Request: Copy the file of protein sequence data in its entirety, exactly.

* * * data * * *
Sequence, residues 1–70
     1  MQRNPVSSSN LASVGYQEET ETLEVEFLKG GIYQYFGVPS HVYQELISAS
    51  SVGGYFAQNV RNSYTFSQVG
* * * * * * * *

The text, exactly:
Sequence, residues 1–70
     1  MQRNPVSSSN LASVGYQEET ETLEVEFLKG GIYQYFGVPS HVYQELISAS
    51  SVGGYFAQNV RNSYTFSQVG